U.S. Department of Labor's Updated Regulations Clarify Exclusions From the Regular Rate

January 31, 2020

By: Subhash Viswanathan

The U.S. Department of Labor ("DOL") recently issued updated regulations which clarify what types of compensation provided by employers can properly be excluded from the regular rate for overtime computation purposes.  The DOL's stated purpose in updating its regular rate regulations (which had not been significantly revised in more than 50 years) is to better reflect the 21st century workplace and to encourage employers to provide additional and innovative benefits to employees without fear that those forms of compensation might result in additional overtime obligations.  The updated regulations became effective on January 15, 2020.

In general, employers are required to pay non-exempt employees one and one-half times the regular rate of pay for hours worked in excess of 40 in a work week.  Under the framework of the Fair Labor Standards Act ("FLSA") and the DOL's regulations, remuneration paid by an employer to an employee is presumed to be included in the regular rate unless it falls within one of eight statutory exclusions:

  • sums paid as gifts or payments in the nature of gifts made at Christmas time or on other special occasions, as long as the amounts of the gifts are not measured by or dependent on hours worked, production, or efficiency;
  • payments made for occasional periods when no work is performed due to vacation, holiday, illness, failure of the employer to provide sufficient work, or other similar cause, reimbursement for expenses, and other similar payments which are not made as compensation for hours of employment;
  • discretionary bonuses or payments made pursuant to a bona fide profit-sharing plan, as long as the payments are determined without regard to hours of work, production, or efficiency;
  • contributions irrevocably made by an employer to a trustee or third person pursuant to a bona fide retirement or health insurance plan or similar benefits;
  • extra compensation provided for working in excess of eight hours in a day or 40 hours in a week or in excess of the employee's regular work hours;
  • extra compensation for working on Saturdays, Sundays, holidays, or other special days, as long as the premium is at least one and one-half times the regular rate;
  • extra compensation pursuant to an employment contract or collective bargaining agreement for working outside of the hours established by the contract or collective bargaining agreement, as long as the premium is at least one and one-half times the regular rate; and
  • income derived from certain types of stock option, stock appreciation, or bona fide stock purchase programs.

The DOL's recent updates to its regulations confirm that the following types of compensation and benefits can be excluded from the regular rate:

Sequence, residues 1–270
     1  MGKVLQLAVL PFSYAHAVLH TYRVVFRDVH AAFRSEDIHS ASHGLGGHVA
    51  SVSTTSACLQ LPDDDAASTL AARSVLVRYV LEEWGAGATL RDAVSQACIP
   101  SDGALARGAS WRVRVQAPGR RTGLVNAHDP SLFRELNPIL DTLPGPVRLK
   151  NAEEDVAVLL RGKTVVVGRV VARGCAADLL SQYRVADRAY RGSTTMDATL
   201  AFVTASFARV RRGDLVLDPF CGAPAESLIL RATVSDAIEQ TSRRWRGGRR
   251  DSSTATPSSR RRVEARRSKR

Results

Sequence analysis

• the cost of providing certain parking benefits, wellness programs, onsite specialist treatment, gym access and fitness classes, employee discounts on retail goods and services, certain tuition benefits, and adoption assistance;
  • payments for foregoing holidays and other forms of paid time off;
  • show-up or reporting pay required under state and local laws (for example, the requirement under New York law to pay four hours at minimum wage if an employee reports to work at the request of the employer);
  • reimbursed expenses, even if not incurred solely for the employer's benefit, such as cell phone plans, credentialing exam fees, and organization membership dues;
  • certain types of signing bonuses and longevity bonuses;
  • the cost of office coffee and snacks provided to employees as gifts; and
  • contributions to benefit plans for accident, unemployment, legal services, or other events that could cause future financial hardship or expense.

The determination of what compensation should be included in the regular rate for overtime computation purposes is a critical one.  An employer's failure to include all required forms of compensation in the regular rate could result in underpayment of overtime, which could lead to liability not just for the amount of the underpayment but also potential liquidated damages, interest, and attorneys' fees incurred by a plaintiff.  A systemic failure to include all required forms of compensation in the regular rate for a group of employees could result in collective action litigation.

The promulgation of the DOL's updated regulations on regular rate exclusions would be an ideal time for employers to review all potential forms of compensation and benefits paid to or on behalf of employees and make sure that any exclusions can be justified under the FLSA and the DOL's regulations.  Employers should consult with their labor and employment counsel if there are any questions about whether a particular type of remuneration or benefit may permissibly be excluded from the regular rate.